The team officially designated injured linebacker Riley
Morris as “doubtful” for Sunday’s game against the Patriots saying he
was still recovering from taking a knee in the back and wasn’t yet ready to
In sportswriter Ray Haywood’s column in the Oakland Tribune, space was provided for his
colleague Scotty Stirling’s observations during his three-week road trip with
Stirling was impressed by the players’ response to the
team’s “inevitable mistakes in travel scheduling, accommodations, practice
fields, etc.,” and said, “Their attitude is a compliment to Eddie Erdelatz.
They are so devoted to the coach that they laugh off inconveniences which would
cause most teams to call a grievance committee meeting.”
Among the tales he returned with was news that 5’8″
guard Don Manoukian was the humorist on the team, that Erdelatz rates trainer
George Anderson as the best he’s ever worked with, that tackle Paul Oglesby’s
nickname is “Cheyenne” based on a television character and is
incidentally “the handsomest player in the league,” that Eddie
Macon’s nickname is “Old Folks”, which is perhaps appropriate given
that he is the only player on the team who has seen his 30th birthday, and that
assistant coach Tommy Kalmanir is a poker player, but solo only. “Playing
alone is the best way to break even,” was his explanation.
San Mateo Times
As the first round of the AFL’s allocation draft got underway, Oakland general manager Chet Soda claimed that some teams were protecting more than eleven players, because some nominally draft-eligible players were unavailable due to no-trade clauses in their contracts. Soda was particularly interested in Houston quarterback George Blanda, but couldn’t talk the former Chicago Bear into signing with Oakland, even when offered more money than the Oilers had given him. Soda complained to Commissioner Joe Foss, but Foss, while sympathetic, refused to remedy the situation. The commissioner did agree that in subsequent rounds, teams would be required to include players with no-trade contracts among their eleven protectees.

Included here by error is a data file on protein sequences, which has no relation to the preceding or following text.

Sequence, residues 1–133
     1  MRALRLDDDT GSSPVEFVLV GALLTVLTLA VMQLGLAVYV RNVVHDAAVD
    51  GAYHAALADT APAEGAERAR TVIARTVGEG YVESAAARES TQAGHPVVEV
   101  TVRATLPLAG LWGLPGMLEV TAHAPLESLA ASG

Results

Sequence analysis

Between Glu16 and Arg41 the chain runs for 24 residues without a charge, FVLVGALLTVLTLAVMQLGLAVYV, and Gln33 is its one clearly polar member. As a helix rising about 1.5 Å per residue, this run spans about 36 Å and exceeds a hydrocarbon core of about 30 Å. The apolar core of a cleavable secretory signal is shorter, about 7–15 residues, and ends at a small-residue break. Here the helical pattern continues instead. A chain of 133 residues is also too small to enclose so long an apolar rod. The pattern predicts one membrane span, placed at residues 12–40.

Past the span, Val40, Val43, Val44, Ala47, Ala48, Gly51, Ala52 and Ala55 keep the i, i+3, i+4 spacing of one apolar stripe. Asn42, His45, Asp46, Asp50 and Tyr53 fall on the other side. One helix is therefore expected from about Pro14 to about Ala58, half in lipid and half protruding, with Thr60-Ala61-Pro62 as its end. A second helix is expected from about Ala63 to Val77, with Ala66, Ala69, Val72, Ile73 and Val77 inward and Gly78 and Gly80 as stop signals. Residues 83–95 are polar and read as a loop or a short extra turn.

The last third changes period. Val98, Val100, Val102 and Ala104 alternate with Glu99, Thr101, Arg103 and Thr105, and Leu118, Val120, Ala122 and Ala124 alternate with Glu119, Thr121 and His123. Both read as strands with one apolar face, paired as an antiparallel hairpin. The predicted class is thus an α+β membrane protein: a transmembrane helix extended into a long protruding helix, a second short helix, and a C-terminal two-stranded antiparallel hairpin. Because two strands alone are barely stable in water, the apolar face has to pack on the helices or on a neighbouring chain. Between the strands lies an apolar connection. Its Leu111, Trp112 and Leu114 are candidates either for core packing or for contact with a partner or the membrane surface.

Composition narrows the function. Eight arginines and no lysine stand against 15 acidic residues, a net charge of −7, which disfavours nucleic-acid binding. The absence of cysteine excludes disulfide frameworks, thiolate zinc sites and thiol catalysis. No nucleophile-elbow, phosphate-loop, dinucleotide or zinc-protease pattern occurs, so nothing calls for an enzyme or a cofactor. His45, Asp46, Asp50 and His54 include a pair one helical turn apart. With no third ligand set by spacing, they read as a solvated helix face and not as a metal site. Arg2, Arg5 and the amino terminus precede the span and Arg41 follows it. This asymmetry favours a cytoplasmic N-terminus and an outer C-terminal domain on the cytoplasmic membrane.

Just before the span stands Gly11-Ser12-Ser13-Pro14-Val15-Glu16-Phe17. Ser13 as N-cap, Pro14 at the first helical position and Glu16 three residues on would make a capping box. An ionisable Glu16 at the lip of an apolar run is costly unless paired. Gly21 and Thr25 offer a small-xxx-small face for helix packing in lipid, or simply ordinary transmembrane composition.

In other news, head coach Eddie Erdelatz selected ex-Ram and -Colt halfback Tommy Kalmanir as his offensive backfield coach. An All-American at Nevada just after World War II, Kalmanir played three seasons with Los Angeles (1949-51) and spent 1953 with Baltimore before spending a final year as a player with Edmonton in the Canadian leagues in 1955. After his playing days were done, he put in time as a coach in the CFL before Oakland tabbed him.
The team also announced a player transaction. USC lineman Al Bansavage, a Minneapolis draftee whose signing rights had transferred to Oakland (a fact not previously reported), had signed with the Baltimore Colts.